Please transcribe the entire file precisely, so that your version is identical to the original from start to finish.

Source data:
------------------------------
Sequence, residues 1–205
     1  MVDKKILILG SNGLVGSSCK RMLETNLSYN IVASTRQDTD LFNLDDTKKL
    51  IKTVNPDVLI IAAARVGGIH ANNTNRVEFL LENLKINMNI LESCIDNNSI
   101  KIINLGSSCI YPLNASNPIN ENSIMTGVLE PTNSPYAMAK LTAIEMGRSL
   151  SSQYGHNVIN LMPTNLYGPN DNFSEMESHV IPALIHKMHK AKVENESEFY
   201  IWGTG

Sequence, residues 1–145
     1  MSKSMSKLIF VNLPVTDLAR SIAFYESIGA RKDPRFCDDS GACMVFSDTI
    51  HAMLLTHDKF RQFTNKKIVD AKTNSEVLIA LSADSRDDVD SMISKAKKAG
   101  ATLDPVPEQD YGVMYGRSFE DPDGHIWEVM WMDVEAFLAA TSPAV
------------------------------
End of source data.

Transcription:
Sequence, residues 1–205
     1  MVDKKILILG SNGLVGSSCK RMLETNLSYN IVASTRQDTD LFNLDDTKKL
    51  IKTVNPDVLI IAAARVGGIH ANNTNRVEFL LENLKINMNI LESCIDNNSI
   101  KIINLGSSCI YPLNASNPIN ENSIMTGVLE PTNSPYAMAK LTAIEMGRSL
   151  SSQYGHNVIN LMPTNLYGPN DNFSEMESHV IPALIHKMHK AKVENESEFY
   201  IWGTG

Sequence, residues 1–145
     1  MSKSMSKLIF VNLPVTDLAR SIAFYESIGA RKDPRFCDDS GACMVFSDTI
    51  HAMLLTHDKF RQFTNKKIVD AKTNSEVLIA LSADSRDDVD SMISKAKKAG
   101  ATLDPVPEQD YGVMYGRSFE DPDGHIWEVM WMDVEAFLAA TSPAV